Just posted a long update to my self-tracking set up at the moment. Join this branch if you have feedback, questions, or suggestions on how to improve it!
Secondary question: what are you tracking now, and why?
I'm about to take my weight under control and I'm doing a bit of research for myself on tracking. So far I was interested in exact measurements.
For example, it doesn't seem to be the same for me to walk a block to the nearest pub, walk a mile or two to the office or take a 20 mile hike to the woods. In your spreadsheet it all will be T for "walked" but it all is very different in distance, calories burned or how much tired you were afterwards, to name a few.
Your approach seem to be more focused on true/false values and essentially on quality of any given day. I'm wondering if t/f approach good enough to find meaningful correlations?
Alex, for me the act of walking to work is about much more than just burning calories. It's about having time in the morning to think, and preparing for my day.
The point I was trying to make is that you should first think about what meaning you're trying to get out of the measurements, and then only measure to the precision that is required for that meaning. So if there's something meaningful to you in calories or distance, then measure that. If the meaning is somewhere else (getting out to exercise, or losing weight, etc) then measure that.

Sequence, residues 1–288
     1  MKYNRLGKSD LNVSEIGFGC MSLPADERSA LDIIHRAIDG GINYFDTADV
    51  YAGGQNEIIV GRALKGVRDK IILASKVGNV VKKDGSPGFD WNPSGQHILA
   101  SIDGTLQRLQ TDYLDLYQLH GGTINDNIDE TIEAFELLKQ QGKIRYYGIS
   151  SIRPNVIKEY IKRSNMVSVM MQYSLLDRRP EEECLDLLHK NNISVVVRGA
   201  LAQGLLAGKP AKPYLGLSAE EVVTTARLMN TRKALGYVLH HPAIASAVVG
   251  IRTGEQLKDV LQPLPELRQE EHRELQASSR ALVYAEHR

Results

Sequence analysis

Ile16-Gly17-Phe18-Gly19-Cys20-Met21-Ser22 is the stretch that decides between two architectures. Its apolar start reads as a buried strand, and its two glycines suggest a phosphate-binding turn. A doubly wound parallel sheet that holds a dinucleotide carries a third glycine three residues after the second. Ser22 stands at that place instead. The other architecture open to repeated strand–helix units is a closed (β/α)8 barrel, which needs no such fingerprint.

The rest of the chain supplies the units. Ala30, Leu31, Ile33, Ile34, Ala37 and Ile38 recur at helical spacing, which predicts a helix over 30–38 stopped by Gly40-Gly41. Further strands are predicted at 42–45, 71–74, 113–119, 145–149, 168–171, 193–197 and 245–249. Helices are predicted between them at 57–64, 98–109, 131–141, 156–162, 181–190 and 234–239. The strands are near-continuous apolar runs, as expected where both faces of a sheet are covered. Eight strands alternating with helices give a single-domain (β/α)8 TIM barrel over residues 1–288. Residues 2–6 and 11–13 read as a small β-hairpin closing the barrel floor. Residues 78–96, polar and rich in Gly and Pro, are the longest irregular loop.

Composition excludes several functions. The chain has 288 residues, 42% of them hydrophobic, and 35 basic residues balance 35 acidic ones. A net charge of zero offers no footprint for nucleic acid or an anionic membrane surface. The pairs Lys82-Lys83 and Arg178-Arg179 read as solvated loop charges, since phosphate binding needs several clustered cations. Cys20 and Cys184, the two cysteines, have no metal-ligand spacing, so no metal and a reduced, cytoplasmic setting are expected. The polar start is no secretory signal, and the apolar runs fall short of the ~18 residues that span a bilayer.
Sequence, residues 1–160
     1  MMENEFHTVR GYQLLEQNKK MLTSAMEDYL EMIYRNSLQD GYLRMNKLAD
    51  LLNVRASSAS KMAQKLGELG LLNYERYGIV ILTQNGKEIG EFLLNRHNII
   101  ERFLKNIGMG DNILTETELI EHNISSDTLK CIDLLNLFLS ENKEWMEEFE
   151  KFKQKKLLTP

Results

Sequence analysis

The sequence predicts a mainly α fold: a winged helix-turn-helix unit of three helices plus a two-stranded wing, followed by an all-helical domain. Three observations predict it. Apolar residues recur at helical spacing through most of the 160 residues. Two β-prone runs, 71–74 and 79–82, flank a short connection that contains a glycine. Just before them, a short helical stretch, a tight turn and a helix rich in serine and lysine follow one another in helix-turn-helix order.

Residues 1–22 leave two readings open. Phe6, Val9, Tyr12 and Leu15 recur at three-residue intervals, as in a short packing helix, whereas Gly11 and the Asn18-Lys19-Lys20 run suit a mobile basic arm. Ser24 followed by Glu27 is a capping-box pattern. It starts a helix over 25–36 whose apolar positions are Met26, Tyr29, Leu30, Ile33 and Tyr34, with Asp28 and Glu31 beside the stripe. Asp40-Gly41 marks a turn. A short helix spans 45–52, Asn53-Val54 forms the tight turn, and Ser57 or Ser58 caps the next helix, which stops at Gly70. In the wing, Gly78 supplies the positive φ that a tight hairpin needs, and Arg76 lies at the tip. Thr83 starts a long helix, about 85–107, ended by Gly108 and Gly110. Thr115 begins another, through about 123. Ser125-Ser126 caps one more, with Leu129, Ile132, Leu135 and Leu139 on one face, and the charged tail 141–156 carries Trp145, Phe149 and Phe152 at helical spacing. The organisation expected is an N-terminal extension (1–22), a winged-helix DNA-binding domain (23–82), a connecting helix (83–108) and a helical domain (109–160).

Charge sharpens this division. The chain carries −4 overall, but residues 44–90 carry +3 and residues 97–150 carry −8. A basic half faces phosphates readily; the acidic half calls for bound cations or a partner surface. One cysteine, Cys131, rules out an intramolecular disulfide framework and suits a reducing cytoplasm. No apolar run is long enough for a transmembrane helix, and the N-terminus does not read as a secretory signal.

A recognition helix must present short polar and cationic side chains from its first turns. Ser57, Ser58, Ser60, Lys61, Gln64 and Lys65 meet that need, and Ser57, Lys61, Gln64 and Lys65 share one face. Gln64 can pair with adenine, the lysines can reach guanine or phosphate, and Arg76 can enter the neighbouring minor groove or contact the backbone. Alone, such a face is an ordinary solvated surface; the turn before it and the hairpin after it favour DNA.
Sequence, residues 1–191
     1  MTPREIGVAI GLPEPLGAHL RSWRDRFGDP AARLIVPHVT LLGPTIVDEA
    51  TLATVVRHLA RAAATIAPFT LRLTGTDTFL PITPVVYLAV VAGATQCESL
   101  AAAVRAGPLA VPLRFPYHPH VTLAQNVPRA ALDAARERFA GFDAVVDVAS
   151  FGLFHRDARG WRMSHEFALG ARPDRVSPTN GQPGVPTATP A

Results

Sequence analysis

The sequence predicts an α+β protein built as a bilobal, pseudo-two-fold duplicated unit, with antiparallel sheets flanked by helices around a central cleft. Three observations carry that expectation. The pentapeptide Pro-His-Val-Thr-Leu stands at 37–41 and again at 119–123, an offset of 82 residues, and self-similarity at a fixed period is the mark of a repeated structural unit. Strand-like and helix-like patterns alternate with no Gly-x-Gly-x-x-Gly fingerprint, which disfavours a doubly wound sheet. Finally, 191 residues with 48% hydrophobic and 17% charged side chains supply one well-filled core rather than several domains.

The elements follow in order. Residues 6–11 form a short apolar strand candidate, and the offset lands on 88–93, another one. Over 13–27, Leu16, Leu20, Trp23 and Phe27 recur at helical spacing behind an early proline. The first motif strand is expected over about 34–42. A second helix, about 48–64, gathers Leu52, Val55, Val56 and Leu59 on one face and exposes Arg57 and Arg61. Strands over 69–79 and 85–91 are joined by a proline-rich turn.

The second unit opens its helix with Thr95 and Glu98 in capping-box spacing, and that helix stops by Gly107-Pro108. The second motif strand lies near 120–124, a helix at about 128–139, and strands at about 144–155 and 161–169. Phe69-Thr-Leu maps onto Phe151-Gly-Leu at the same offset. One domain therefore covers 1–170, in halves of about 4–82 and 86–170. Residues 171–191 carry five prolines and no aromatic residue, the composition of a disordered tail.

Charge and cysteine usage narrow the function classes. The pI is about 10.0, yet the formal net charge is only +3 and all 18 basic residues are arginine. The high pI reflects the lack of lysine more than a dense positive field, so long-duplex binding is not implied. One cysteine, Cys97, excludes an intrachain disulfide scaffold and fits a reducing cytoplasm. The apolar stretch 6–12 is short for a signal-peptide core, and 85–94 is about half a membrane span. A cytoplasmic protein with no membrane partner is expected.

I track walking, running, biking all as a 0/1. It's the act of doing any of those things in a day (not the amount) that is most meaningful for me - in terms of feeling happy/healthy.
I also track my weight (and plan to do so the rest of my life) using the Hacker's Diet 10 day running average metric, so that I can make adjustments as needed to stay in my ideal range. After several years of doing that intensively, now it's mostly an objective confirmation what I already feel from my body/clothes fit, and I look at the graph infrequently. But there was a huge learning period (I attempt to talk about it here, Alex - vimeo.com ) where I was tracking exact things - like #miles biked - because that motivated me to be more active.
On a professional front, I track my time and expenses for billing and tax purposes.
On the personal side, I would like to find some reliable ways to track my various health metrics like weight, blood pressure, blood oxygen levels, etc. The technology for doing this sort of tracking automatically is still on the horizon.
A few weeks ago I finally got a Fitbit so I'm tracking everything available there.
In addition, I've started (for 2 weeks now) a spreadsheet similar to what Buster details on his website where I'm tracking other things and trying to compare with my "mood". One thing I'm keeping track of that I didn't see on Buster's is basically a T/F for "Social Interaction".
A year ago I started working remote from home. My closest co-worker is 1,100 miles away. So I've got entire days that I barely leave the house and the only in-person interaction I have is with my girlfriend when she gets home. I'm almost positive this affects my moody so I'm tracking it.
As far as mood I'm logging Morning (like samiinkinen.com) & Evening.
Thanks for your feedback! Team Branch